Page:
WASHINGTON - U.S. defenses could intercept a ballistic missile launched by North Korea if it decides to strike, the top American military commander in the Pacific said Tuesday, as the relationship between the West and the communist government hit its lowest ebb since the end of the Korean War.
Amid increasingly combative rhetoric from Pyongyang, Adm. Samuel Locklear, commander of U.S. Pacific Command, said North Korea's pursuit of nuclear weapons and long-range ballistic missiles represents a clear threat to the United States and its allies in the region.
The admiral said Kim Jong Un, the country's young and still relatively untested new leader, remains unpredictable after using the past year to consolidate his power.
But Locklear told the Senate Armed Services Committee that he was confident that the U.S. military can thwart North Korea if it chooses to act. He made clear that any U.S. decision would be contingent on where the missile is headed, information that the U.S. could ascertain fairly quickly.
"Do we have the capability to intercept a missile if the North Koreans launch within the next several days?" Sen. John McCain, R-Ariz., asked the admiral.
"We do," Locklear answered.
He said North Korea is keeping a large percentage of its combat forces along the demilitarized zone with South Korea, a position that allows the North to threaten U.S. and South Korean civilian and military personnel.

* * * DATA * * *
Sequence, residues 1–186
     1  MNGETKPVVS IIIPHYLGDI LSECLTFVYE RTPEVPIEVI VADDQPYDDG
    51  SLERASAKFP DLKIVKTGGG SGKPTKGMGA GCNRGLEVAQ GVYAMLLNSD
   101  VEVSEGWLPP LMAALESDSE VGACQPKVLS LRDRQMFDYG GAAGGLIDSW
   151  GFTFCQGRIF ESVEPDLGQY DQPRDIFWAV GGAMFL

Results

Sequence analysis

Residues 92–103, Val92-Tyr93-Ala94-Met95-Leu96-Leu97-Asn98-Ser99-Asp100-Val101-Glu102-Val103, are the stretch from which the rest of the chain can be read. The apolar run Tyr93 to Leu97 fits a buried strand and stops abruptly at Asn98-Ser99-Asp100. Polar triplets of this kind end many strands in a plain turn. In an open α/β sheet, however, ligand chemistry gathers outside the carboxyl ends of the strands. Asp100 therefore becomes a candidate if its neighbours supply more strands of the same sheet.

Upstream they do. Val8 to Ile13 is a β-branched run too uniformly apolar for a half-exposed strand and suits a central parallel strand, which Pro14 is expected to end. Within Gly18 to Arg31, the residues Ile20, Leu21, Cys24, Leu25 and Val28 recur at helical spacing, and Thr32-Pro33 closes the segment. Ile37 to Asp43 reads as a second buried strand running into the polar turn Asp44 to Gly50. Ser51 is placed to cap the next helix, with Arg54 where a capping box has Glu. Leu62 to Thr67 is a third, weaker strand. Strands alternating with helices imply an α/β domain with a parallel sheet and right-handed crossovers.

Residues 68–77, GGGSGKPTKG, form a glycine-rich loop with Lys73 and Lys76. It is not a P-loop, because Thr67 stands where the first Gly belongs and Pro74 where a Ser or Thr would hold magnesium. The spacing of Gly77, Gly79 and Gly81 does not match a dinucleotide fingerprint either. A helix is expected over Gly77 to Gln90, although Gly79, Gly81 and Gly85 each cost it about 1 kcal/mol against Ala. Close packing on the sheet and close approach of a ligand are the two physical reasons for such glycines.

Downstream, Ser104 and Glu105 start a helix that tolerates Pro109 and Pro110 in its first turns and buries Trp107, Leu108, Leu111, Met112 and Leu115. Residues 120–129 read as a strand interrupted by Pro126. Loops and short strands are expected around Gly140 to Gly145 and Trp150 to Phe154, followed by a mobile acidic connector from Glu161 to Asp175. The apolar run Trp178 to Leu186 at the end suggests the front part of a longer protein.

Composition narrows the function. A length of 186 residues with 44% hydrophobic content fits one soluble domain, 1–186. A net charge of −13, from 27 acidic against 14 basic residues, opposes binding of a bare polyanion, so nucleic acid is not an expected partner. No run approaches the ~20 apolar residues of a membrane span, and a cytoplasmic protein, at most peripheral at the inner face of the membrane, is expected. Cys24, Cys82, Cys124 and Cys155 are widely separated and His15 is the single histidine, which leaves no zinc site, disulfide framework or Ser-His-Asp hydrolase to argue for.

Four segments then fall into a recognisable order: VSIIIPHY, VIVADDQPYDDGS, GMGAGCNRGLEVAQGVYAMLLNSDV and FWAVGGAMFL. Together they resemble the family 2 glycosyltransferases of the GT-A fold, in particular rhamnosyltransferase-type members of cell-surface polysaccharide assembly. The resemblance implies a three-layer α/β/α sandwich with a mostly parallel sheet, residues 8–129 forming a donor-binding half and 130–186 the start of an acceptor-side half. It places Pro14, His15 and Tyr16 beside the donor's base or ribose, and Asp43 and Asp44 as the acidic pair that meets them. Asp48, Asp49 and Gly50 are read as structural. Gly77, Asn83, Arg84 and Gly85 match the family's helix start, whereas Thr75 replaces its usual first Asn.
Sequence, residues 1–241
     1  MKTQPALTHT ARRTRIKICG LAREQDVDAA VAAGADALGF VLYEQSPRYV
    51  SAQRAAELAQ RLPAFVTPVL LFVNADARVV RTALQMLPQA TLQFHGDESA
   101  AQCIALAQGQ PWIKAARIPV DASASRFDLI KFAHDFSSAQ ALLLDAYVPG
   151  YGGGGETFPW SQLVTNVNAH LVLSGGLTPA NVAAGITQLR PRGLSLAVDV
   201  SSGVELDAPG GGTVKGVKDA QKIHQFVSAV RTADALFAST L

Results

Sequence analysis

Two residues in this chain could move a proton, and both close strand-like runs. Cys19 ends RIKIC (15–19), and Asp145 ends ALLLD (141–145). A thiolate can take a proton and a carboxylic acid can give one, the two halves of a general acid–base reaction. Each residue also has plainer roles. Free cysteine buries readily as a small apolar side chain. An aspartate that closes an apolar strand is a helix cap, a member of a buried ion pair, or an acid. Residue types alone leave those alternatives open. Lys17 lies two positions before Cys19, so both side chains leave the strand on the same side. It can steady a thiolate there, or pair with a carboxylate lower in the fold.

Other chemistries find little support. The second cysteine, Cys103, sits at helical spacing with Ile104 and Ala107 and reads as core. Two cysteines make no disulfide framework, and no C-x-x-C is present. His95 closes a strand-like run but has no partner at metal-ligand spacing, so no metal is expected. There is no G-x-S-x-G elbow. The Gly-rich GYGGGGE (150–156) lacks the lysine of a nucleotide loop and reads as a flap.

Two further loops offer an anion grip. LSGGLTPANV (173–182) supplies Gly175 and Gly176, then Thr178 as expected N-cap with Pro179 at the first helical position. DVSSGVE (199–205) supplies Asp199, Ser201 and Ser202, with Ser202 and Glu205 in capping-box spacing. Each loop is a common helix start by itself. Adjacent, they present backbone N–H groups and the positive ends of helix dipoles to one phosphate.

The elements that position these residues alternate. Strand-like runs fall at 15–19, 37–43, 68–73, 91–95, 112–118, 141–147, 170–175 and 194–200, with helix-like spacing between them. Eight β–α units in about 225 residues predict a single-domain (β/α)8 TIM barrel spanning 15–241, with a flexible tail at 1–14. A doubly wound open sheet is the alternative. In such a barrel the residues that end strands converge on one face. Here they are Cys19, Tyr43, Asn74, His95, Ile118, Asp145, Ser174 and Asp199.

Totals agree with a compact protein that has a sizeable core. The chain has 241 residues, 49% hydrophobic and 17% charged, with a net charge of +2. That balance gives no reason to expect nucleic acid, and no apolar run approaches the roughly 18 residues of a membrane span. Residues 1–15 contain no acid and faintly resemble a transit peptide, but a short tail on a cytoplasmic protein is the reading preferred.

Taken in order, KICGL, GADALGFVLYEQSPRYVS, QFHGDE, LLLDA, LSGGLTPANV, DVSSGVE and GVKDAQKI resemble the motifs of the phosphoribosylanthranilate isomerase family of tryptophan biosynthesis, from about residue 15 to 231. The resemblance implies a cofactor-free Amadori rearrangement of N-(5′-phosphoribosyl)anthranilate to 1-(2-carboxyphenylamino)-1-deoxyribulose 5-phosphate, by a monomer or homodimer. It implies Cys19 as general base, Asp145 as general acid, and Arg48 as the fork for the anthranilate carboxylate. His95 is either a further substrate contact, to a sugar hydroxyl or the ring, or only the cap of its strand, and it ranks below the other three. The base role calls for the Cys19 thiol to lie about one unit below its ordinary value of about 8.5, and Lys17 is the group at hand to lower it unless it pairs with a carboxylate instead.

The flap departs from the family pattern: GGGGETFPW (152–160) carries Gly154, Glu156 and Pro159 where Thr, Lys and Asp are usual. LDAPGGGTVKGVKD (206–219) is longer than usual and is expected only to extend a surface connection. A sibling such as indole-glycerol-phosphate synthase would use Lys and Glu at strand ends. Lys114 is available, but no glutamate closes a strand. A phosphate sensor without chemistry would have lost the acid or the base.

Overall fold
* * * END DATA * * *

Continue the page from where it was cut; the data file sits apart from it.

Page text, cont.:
McCain said the saber-rattling of today struck him as the greatest tension between North Korea, South Korea and the U.S. since the end of the Korean War in the early 1950s.
Increasingly bellicose rhetoric has come from Pyongyang and its leader, with North Korea urging foreign companies and tourists to leave South Korea and warning that the countries are on the verge of a nuclear war.
At the White House, spokesman Jay Carney brushed off the North's declaration that nuclear war was imminent as "more unhelpful rhetoric" and part of a pattern of combative statements and behavior that Pyongyang's leadership has demonstrated for years. He said the U.S. was working with Seoul and Tokyo on the issue.
Senate Armed Services Committee Chairman Carl Levin, D-Mich., told Locklear that the North Korean government's threats "appear to exceed its capabilities, and its use of what capabilities it has against the U.S. or our allies seems highly unlikely and would be completely contrary to the regime's primary goal of survival."